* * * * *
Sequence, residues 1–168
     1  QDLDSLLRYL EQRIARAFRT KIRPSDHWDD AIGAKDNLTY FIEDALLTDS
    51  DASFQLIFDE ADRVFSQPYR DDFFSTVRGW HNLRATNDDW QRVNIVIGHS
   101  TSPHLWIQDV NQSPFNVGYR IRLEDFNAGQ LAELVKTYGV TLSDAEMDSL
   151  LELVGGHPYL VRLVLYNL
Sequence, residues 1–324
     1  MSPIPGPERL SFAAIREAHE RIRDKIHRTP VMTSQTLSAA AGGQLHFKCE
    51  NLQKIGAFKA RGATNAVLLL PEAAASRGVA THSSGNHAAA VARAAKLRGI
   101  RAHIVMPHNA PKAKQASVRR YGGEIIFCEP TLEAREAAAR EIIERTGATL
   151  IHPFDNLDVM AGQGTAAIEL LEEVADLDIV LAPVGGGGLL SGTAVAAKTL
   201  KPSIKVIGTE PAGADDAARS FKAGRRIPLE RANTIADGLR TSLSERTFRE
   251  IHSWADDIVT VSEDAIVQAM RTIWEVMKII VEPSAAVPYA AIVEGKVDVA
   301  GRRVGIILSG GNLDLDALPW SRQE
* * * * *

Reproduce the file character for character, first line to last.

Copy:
Sequence, residues 1–168
     1  QDLDSLLRYL EQRIARAFRT KIRPSDHWDD AIGAKDNLTY FIEDALLTDS
    51  DASFQLIFDE ADRVFSQPYR DDFFSTVRGW HNLRATNDDW QRVNIVIGHS
   101  TSPHLWIQDV NQSPFNVGYR IRLEDFNAGQ LAELVKTYGV TLSDAEMDSL
   151  LELVGGHPYL VRLVLYNL
Sequence, residues 1–324
     1  MSPIPGPERL SFAAIREAHE RIRDKIHRTP VMTSQTLSAA AGGQLHFKCE
    51  NLQKIGAFKA RGATNAVLLL PEAAASRGVA THSSGNHAAA VARAAKLRGI
   101  RAHIVMPHNA PKAKQASVRR YGGEIIFCEP TLEAREAAAR EIIERTGATL
   151  IHPFDNLDVM AGQGTAAIEL LEEVADLDIV LAPVGGGGLL SGTAVAAKTL
   201  KPSIKVIGTE PAGADDAARS FKAGRRIPLE RANTIADGLR TSLSERTFRE
   251  IHSWADDIVT VSEDAIVQAM RTIWEVMKII VEPSAAVPYA AIVEGKVDVA
   301  GRRVGIILSG GNLDLDALPW SRQE